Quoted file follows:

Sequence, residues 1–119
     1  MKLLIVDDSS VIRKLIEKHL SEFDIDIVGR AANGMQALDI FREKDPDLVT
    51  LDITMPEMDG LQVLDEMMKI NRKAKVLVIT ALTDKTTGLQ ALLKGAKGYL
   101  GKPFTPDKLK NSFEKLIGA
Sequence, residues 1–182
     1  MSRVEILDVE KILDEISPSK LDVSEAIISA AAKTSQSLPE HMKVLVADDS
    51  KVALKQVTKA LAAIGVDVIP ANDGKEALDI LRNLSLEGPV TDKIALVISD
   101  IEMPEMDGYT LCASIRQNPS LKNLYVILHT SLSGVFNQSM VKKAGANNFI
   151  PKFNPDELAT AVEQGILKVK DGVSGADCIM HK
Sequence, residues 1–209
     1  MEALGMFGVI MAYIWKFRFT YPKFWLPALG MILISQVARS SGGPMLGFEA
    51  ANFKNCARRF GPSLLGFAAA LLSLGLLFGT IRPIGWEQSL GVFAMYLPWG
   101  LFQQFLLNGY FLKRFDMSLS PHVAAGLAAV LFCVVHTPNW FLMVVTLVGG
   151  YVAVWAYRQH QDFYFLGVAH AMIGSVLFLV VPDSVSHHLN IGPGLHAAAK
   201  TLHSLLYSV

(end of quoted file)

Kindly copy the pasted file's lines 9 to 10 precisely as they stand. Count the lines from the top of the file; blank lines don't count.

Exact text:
   151  PKFNPDELAT AVEQGILKVK DGVSGADCIM HK
Sequence, residues 1–209